“We believe it can unify a number of strands in the Brexit debate including the views of remainers and leavers. It also gives a feasible alternative to the backstop proposed by the European Union which would split the United Kingdom or keep the entire United Kingdom in the Customs Union and Single Market. Importantly, this proposal would also offer a route towards negotiating a future trade relationship between the United Kingdom and the European Union.

“If the Prime Minister is seeking to find a united front, both between elements in her own party and the DUP, in the negotiations which she will enter with the European Union, then this is a proposition which she should not turn her back on. There is no better time to advance this alternative given the confusion and disarray which is now manifesting itself in Brussels. This has been displayed both by the contradictory EU statements and the panic stricken behaviour of the Irish government.”

Steve Baker has also released a letter in support of the Better Deal plan from a range of international trade experts, which reads as follows:

Dear Steve,

You have asked for our views as trade policy experts as to the proposal of a Better Deal as an acceptable Withdrawal Agreement that would allow the UK to proceed to the next stage of negotiations, and that would not, in our view take an independent trade and regulatory policy off the table, and would allow, if the UK so chose a clear and negotiable pathway to a comprehensive and advanced free trade agreement such as proposed in Plan A Plus.

We can confirm that in our view the UK would be best served by putting an offer like a Better Deal on the table, and allow the process of pressure and compression at the back end of the negotiations to start to take effect. We would anticipate that the UK will see datapoints emerge from the EU in the course of the next month, such as EU member state agricultural producers express concern about the possibility of no deal, especially Irish beef farmers, Bavarian dairy farmers, and French farmers. We would anticipate member states start to weaken in their unity vis-à-vis each other and the Commission. We have already seen signs of this from Germany, Poland, and from French farmers and fishermen. It is imperative that the UK keeps the pressure on (seeking an extension of Article 50 at the end of February per the Cooper-Boles amendment would be a fatal mistake as it would take the pressure off the EU just as it would otherwise be building). In addition, there is value to putting this facilitated approach on the table as if there is to be an FTA in the future, it will require discussion and evaluation now. It is better to get the EU used to UK ideas on this point, and to put some specifics behind Michel Barnier’s recent pronouncement that, in the event of no deal, alternative arrangements would have to be found for the Irish border. Furthermore, during this period, it would be important for the UK to line up its allies, especially those who run global supply chains through the UK and EU-27 such as the US, Japan, and Korea to name three in support of its reasonable proposals, thus increasing the pressure and compression on the EU.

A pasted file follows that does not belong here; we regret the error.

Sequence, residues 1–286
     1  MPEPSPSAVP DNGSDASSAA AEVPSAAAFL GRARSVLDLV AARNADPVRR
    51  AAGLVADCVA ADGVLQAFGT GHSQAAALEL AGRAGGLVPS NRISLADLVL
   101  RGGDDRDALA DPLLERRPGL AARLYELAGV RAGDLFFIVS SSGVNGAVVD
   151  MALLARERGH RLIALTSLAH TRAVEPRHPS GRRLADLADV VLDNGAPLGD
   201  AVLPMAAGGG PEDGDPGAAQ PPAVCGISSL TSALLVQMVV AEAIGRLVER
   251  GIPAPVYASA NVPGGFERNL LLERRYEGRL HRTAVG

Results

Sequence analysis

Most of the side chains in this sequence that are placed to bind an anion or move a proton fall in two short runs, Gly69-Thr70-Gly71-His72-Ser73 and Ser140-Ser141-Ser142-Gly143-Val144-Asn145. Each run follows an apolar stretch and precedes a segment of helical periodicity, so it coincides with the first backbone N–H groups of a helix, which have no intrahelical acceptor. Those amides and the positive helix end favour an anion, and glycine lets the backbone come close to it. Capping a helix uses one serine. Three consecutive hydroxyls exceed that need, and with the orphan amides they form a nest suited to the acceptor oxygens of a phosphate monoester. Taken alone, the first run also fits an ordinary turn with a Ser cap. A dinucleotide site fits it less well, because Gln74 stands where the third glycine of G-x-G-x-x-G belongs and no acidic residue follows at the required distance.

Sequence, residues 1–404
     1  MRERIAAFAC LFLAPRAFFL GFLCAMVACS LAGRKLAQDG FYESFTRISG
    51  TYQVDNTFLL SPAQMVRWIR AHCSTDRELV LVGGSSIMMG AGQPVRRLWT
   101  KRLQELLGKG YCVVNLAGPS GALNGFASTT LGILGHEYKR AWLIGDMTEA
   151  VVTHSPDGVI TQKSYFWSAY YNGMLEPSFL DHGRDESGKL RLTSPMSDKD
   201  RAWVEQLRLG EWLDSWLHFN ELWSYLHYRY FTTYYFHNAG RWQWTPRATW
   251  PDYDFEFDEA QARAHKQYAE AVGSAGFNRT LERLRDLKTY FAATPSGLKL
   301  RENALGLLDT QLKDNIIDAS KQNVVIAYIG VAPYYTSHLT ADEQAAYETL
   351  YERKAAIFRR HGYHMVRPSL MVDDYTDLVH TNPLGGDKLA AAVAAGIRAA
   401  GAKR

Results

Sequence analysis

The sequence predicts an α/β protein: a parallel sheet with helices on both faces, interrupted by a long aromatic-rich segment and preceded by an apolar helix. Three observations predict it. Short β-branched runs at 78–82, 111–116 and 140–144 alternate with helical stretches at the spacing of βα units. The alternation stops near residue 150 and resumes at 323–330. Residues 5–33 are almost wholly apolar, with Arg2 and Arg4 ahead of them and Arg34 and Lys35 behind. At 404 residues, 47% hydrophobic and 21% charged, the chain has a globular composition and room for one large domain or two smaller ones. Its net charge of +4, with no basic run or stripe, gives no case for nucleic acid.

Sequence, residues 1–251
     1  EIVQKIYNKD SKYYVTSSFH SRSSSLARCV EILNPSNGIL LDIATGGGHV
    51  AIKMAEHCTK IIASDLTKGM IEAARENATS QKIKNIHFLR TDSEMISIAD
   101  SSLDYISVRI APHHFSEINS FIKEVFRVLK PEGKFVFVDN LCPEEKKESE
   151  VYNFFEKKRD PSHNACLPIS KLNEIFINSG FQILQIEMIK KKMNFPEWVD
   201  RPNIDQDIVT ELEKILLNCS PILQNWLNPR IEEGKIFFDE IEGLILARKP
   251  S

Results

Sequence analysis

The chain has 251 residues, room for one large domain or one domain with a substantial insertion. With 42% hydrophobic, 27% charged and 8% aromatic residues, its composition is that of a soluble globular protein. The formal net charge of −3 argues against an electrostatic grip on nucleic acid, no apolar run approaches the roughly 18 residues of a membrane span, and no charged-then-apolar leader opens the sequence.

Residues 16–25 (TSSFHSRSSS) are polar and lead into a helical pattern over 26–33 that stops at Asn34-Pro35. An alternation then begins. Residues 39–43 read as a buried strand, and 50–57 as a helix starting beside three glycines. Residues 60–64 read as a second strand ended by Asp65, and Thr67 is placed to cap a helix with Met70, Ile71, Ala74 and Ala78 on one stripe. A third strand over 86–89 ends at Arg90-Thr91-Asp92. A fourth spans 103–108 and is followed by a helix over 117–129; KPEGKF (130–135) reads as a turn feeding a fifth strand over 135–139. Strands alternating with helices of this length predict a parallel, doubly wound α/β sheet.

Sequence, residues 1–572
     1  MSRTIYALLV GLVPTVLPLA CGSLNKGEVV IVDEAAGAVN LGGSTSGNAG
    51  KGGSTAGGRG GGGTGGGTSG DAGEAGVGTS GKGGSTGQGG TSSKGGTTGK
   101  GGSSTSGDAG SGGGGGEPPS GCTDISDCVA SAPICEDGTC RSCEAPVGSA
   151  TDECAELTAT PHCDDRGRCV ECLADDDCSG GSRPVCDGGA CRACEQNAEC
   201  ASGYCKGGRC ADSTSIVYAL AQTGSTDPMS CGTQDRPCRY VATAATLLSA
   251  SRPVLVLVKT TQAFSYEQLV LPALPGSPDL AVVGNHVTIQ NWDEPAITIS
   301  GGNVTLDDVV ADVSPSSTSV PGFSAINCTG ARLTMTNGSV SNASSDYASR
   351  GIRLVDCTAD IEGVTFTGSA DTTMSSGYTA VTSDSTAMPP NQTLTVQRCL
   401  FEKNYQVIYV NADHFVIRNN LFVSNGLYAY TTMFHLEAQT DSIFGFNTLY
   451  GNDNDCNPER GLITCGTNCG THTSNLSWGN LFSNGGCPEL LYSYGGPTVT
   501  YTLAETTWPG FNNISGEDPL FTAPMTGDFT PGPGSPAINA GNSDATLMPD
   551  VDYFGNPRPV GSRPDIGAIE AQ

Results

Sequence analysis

In our view the current deal gives all the negotiating leverage to the EU during the negotiating phase and makes the path to an advanced FTA such as we have proposed in Plan A Plus extremely difficult. If comfort could be given that such an un-occluded path exists, then support might be brought to bear on all sides for an agreement allowing the transition period to be retained.

Yours sincerely,

Peter Allgeier, Former Deputy USTR and Former US Ambassador to the WTO
Eduardo Perez-Motta, Former Mexican Ambassador to the WTO and Former Chairman of the Mexican Competition Commission
Alan Oxley, former Chairman of GATT Council, Former Australian Ambassador to the WTO, founder of the Cairns Group
Lockwood Smith, former Trade Minister of New Zealand
Shanker Singham, former cleared advisor to US government, Mitt Romney Presidential Campaigns of 2008 and 2012, and formerhead of Squire Patton Boggs Market Access/WTO practice